The Meridin@Medini Phase 1 Project consists of 756 units of residential high-rise suites and 30 units of retail shops. Owned by the Mah Sing Group, it has three blocks; Block A: 35-storey, Block B: 32-storey and Block C: 36-storey. China State Construction Engineering (M) Sdn Bhd (CSCEC) is the Structural Main Contractor for this project. This project is strategically located in the heart of Nusajaya, Johor State’s new administrative centre. Standing tall on 8.19 acres of prime land, the architectural design principle was derived from the character of human aspiration to reach higher; and nowhere is this more evident than in the design language and architecture, where the curvilinear towers soar to the sky. The ground floors to basement sub-structural works entail nine floors where the structural design calls for flat slab system. With a total floor area of 81,000m2, the Main Contractor is required to cast 3,000m2 per cycle. PLY TEC Green Formwork sets in timely as their proven track record of formwork erection efficiency of achieving 75m2 per worker per man-day comes into play. In fact, Green Formwork system compliments well with project that commands such sizeable wet floor quantity. Besides its efficiency, the other 2 major factors that lead to the system being adopted by the Main Contractor are: less workers required and 80% reduction in construction waste. Using the latest drop head technology which allows the shores to stay in place during the stripping procedure, PLY TEC Green Formwork proves that early stripping, 3 days after concreting, is viable. The major advantage of using the system is that the contractor does not require to use skilled workers during the erection and dismantle stages, thus saves a lot on labour charges. Moreover the concept of 1 set of formwork with 2 sets of props reduces requirements as only the equipments for the level that is being formed are required.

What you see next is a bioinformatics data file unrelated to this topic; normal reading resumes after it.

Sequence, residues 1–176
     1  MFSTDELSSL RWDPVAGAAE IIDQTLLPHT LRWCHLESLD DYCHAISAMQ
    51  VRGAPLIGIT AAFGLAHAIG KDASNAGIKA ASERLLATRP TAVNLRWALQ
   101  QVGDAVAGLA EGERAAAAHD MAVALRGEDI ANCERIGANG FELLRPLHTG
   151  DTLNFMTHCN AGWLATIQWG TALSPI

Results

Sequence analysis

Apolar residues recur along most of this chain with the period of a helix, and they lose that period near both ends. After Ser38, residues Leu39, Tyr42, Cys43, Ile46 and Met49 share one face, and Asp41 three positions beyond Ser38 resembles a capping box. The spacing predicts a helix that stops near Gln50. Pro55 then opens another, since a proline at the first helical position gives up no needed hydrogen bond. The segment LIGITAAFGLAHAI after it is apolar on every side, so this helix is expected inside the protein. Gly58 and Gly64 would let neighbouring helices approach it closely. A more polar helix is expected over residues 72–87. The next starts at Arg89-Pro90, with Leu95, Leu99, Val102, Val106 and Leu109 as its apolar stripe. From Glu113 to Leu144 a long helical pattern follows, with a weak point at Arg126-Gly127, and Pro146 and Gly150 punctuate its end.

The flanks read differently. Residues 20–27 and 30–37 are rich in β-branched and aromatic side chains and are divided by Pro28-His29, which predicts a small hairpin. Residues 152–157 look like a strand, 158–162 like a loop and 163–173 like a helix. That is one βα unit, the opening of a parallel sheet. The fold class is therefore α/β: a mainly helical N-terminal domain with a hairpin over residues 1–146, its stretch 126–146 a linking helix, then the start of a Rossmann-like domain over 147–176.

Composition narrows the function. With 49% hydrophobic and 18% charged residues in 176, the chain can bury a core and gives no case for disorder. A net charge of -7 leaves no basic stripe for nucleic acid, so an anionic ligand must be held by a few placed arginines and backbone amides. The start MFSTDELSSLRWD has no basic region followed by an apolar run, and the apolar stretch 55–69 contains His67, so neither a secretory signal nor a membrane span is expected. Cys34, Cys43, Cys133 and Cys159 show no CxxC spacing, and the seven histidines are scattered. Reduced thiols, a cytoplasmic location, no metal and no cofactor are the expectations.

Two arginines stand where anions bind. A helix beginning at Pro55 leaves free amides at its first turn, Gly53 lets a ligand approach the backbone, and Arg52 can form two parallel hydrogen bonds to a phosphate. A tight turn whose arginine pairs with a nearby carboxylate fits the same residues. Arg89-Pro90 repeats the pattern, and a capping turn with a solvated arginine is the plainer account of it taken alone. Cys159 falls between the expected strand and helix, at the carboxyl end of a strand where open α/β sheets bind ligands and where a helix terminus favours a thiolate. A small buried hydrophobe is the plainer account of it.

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As it is designed using modular system, end pieces can be easily finished off by using plywood; thus reduces over dependency on skilled carpenters. In fact, too many end pieces of accessories could sometimes hamper site progress as the approach requires tailor-made sizes and is also costly.

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feature About PLY TEC Green Formwork System Based on the concept of IBS Construction, a panelprop concrete formwork system with early stripping mechanism has been developed. It is a formwork system comprising both vertical forms for reinforced concrete elements such as columns and walls; and horizontal forms for slabs and beams. It is a puzzle-style system which can be erected and stripped off with high efficiency and solid safety. Thanks to the early stripping feature, the Green Formwork system actually performs and requires a much shorter construction cycle of between 5 to 7 days. Hence, the system can produce a concrete work area of 4 to 6 times of its own surface area each month; this is more than two times the productivity of conventional timber method. The system uses the Earth’s natural resources efficiently and in an environmental friendly and responsible manner. The only consumable components of Green Formwork, the bamboo plywood boards, are made from renewable resources. Bamboo is considered as a green construction material; being harvested through massive agro-replanting.

Figure 1: A water village in Sabah (Source: © CEphoto, Uwe Aranas)

In essence, the PLY TEC Green Formwork system is flexible and very adjustable according to site needs. It has great advantages such as better safety, high efficiency; and reduced construction cost and labor.

“It is GREEN in the way Green Formwork are reused, recycle and renewable” Erection Instruction : 1


Adjust the steel props to the required length



Swing the lower end of the Panel to position using ADT